You could almost call this "reverse entitlement." Instead of feeling superior about your own gifting or skills like being entitled, we hold others back from doing things they may be perfectly gifted to do. It happens when we say, "You don't have enough experience or you don't have enough wisdom yet to lead or serve in a particular position."  It seems to me that this only really exists in the church (at least that is where I see it most).  If we want to reach young people, we have got to change this mindset.   

In fact, I think if we keep waiting on young people to reach what we consider the age of “having arrived” to lead, serve on boards, preach in churches, lead worship, to be pastors, to make business decisions, to lead ministries than it will be too late. They will move on to something else. 

The world has figured out that young people have a lot to offer and can make a significant difference and the church must catch up. We have got to let go of the fear that THEY MIGHT CHANGE SOMETHING.  THEY MIGHT DO SOMETHING DIFFERENT.  IT MIGHT NOT BE WHAT I AM USED TO. 

Let me give you some examples of young people that seem to have arrived even though they are young. Despite his current predicament, Mark Zuckerberg is now 33 years-old, and at the age of 19 he changed the world with the invention of Facebook.  He now has a net worth of $72.5 Billion.  Steven Furtick, at the age of 26 planted a church in Charlotte, NC and it rapidly became the fastest growing church in the U.S.  In 2017, they reported having 17 campuses with an average attendance reaching over 25,000 people.  

Young people can accomplish amazing things, if we step out of the way and let them serve. 

Mistake #3: We set very low expectations. I learned very early on in working with students from a seasoned veteran of ministry that if you set high expectations, most often students will live up to them. Students rarely have people in their life expecting much out of them. They want to live up to high standards.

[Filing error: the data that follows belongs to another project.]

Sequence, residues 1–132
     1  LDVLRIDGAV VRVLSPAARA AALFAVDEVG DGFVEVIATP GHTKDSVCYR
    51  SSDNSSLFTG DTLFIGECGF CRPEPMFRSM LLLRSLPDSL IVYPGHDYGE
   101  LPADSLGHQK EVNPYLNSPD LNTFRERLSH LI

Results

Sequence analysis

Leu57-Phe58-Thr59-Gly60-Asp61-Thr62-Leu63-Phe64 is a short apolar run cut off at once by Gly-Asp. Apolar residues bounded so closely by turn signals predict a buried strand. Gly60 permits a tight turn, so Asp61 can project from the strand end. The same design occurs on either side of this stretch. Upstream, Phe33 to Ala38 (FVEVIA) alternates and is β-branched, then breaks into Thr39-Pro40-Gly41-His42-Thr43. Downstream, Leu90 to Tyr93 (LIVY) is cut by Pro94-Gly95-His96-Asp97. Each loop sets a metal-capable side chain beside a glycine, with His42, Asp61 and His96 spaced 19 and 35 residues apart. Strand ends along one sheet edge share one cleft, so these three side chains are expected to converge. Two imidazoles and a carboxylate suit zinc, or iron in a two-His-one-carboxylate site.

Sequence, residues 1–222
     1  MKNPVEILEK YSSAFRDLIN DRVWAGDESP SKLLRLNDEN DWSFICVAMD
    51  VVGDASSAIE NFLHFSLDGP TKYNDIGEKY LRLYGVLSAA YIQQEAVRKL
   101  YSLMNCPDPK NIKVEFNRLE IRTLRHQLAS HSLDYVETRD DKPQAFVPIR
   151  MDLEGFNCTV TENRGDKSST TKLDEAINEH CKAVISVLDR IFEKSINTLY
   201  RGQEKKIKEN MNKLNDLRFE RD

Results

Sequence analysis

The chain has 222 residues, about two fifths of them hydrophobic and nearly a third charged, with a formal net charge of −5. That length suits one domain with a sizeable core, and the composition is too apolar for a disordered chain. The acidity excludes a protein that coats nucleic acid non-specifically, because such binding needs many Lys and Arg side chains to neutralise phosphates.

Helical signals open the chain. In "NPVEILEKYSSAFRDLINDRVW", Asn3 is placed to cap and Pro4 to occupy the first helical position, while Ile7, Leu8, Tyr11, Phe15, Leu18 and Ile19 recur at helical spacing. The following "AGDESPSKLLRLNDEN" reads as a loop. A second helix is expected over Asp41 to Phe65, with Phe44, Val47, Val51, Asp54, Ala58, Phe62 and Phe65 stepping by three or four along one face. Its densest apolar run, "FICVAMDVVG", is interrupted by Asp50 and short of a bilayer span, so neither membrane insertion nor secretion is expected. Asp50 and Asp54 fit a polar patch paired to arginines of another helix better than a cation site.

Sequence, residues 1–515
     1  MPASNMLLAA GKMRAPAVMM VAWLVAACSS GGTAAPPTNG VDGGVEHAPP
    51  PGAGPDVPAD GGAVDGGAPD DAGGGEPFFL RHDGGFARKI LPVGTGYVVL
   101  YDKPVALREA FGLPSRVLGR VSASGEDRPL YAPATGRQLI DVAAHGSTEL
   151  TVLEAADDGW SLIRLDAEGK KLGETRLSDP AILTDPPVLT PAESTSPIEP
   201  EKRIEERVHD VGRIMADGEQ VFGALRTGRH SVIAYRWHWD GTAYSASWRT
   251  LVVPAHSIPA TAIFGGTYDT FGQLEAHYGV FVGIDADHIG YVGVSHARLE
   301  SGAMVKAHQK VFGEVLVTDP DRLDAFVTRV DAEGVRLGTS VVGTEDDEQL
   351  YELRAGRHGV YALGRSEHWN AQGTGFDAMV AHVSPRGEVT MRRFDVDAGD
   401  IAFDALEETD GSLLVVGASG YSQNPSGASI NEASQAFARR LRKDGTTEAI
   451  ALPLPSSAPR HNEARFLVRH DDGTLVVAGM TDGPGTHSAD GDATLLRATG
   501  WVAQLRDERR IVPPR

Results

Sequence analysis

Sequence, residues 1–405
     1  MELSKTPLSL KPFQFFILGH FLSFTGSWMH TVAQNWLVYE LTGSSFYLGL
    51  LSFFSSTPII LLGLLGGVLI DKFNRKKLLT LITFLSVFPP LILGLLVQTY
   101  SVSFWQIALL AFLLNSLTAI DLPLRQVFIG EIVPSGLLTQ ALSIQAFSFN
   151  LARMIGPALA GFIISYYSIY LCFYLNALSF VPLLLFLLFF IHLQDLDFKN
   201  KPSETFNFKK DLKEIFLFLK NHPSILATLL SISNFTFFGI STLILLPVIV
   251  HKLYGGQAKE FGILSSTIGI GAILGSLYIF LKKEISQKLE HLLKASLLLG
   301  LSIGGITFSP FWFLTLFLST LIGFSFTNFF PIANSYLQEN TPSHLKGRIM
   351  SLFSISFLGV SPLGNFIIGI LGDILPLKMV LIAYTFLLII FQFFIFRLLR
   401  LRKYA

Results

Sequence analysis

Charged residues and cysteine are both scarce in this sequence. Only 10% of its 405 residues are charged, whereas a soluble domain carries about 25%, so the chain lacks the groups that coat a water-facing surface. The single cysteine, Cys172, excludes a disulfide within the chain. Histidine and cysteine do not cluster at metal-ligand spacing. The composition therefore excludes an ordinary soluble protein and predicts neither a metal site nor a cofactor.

We don’t expect our students or young people to do anything.  In fact, I think the expectation across the board is that young people are entitled, lazy, and unwilling to work to get what their parents have. They want everything handed to them. 

You know what? … In some cases that might be true of young people. But here is some hard truth… I know a lot of older people that have that exact same mindset.  That happens across all age ranges.  It isn’t JUST young people. 

We’ve got to stop setting our expectations so low for young people.  We need to believe that they can do big things, encourage them to take some risks, and do the stuff we wouldn’t have done or would have been too afraid to do.  Don’t encourage them to play it safe. Let’s shatter those low expectations.  

Lastly... 

Mistake #4: We under resource ministries that reach young people. This is an area of great passion for me because I have witnessed this mistake way too many times.  I have personally worked in churches that say weekly, "We believe youth are the most important thing in our church."

YET they don't invest financially.  They have ridiculously under resourced ministries for young people. 

If it was the most important thing to the church, the people of those churches would make sure the youth and children's ministries were fully funded.  Instead, those church leaders and board members encouraged those ministries to do poor profiting fundraisers like car washes. By the way, a car wash is the worst fundraiser and you never make enough money to even pay for the supplies.  These churches, also made sure memorial funds and cemetery funds had plenty of money in them. 

WHY DO DEAD PEOPLE NEED MONEY? WHY DO CHURCHES HAVE CEMETERIES?  

I may never know. 

Please CHURCH... I beg you... spend your money on the living.  If you want to spend it on the dead than spend it on the SPIRITUALLY DEAD.  Invest in those that don't know Jesus.  

We must do all we can in our local churches to NOT make these mistakes with young people because we may only get one chance.  We don't want to mess it up by doing something so senseless or selfish.  

I hope this challenges you in your thinking and helps put faith in you that young people really are worth investing in. Have a great day.  LOVE MORE DO MORE. 

 

 

 

Photo by Diego PH on Unsplash